THE Philippine Institute of Volcanology and Seismology (Phivolcs) is closely monitoring the Kanlaon Volcano.
In its report, Phivolcs said the volcano's seismic monitoring network recorded one volcanic earthquake during the 24-hour observation period.
Sulfur dioxide (SO2) emission was measured at an average of 79 tonnes/day on June 15, 2019. Ground deformation data from latest continuous GPS measurements indicate slight deflation of the edifice.
Phivolcs said Alert level 1 (abnormal) status prevails over Kanlaon Volcano, which means that it is currently in a state of unrest probably driven by hydro thermal processes that could generate steam driven or phreatic eruptions.
Phivolcs advised the local government units and public to avoid entry into the four-kilometer radius permanent danger zone (PDZ) due to perennial hazards of rock falls, avalanches, sudden outgassing and steam-driven or phreatic eruption at the summit area.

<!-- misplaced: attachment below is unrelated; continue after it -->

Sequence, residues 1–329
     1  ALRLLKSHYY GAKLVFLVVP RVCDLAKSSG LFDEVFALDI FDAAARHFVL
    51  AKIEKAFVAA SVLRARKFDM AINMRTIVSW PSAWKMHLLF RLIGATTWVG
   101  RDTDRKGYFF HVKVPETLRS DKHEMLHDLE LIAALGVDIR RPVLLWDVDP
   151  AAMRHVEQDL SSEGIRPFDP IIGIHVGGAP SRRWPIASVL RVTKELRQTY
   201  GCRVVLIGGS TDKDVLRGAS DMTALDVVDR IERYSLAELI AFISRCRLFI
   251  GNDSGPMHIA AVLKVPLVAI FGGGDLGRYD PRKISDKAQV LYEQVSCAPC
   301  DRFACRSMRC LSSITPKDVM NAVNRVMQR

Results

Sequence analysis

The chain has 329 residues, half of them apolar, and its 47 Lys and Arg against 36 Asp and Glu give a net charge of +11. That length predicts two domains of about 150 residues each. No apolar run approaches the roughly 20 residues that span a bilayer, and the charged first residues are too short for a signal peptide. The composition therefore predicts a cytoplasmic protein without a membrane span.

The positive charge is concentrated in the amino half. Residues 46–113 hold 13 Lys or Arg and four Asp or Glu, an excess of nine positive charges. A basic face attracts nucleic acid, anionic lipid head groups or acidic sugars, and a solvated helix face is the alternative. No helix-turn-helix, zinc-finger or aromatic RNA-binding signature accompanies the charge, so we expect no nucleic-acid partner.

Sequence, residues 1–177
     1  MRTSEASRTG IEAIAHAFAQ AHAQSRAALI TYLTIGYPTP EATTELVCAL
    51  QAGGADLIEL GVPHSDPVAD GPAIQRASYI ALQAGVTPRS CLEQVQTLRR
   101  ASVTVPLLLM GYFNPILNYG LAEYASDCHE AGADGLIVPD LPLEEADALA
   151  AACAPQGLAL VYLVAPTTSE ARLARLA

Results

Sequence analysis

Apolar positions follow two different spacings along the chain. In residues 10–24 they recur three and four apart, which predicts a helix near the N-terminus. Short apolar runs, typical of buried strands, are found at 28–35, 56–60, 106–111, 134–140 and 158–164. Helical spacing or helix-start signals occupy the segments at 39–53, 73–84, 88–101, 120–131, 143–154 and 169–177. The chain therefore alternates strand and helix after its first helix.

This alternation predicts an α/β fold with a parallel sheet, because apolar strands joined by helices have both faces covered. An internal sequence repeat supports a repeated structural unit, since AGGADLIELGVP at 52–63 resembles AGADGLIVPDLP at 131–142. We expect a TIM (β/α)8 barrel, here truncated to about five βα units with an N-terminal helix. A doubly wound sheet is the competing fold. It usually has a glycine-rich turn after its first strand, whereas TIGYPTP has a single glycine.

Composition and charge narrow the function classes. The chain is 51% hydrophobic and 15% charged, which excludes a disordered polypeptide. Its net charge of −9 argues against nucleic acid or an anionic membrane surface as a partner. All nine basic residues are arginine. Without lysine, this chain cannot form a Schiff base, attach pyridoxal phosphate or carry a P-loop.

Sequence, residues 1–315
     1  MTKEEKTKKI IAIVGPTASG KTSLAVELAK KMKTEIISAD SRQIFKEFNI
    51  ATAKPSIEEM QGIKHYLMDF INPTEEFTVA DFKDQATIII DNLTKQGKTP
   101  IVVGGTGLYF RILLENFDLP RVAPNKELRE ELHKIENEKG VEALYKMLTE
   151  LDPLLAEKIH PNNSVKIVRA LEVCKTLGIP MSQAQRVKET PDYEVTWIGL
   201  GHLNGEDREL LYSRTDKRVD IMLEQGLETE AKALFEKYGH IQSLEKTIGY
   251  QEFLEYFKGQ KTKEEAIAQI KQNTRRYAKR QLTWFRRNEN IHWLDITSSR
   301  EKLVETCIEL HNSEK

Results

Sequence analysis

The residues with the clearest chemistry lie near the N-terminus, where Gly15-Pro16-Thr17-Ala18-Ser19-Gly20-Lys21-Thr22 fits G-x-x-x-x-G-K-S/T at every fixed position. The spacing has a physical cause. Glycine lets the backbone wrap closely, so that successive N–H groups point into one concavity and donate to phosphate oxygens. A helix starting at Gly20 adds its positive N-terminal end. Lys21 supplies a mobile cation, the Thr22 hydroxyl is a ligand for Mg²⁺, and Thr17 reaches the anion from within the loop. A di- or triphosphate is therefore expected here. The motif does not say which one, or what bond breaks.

Civil aviation authorities must also advise pilots to avoid flying close to the volcano’s summit as ejecta from any sudden phreatic eruption can be hazardous to aircraft.
Meanwhile the heavy rains caused by Tropical Storm Falcon caused around 87.5 percent of Valladolid town to be flooded.
Valladolid municipal disaster office head John Dexter Celis said 14 of the town's 16 barangays were affected during two days of non-stop rains.
Celis noted only a portion of the town's Barangay Poblacion was spared from the flooding.
He also noted that the flooding also caused an estimated P2.6 million in crop damages.
Town Mayor Enrique Miravalles has already ordered to give out relief supplies to the affected residents.
Earlier, the neighboring towns of San Enrique and Pontevedra were also affected by rising water levels, with around nine families evacuated in the town of Pontevedra.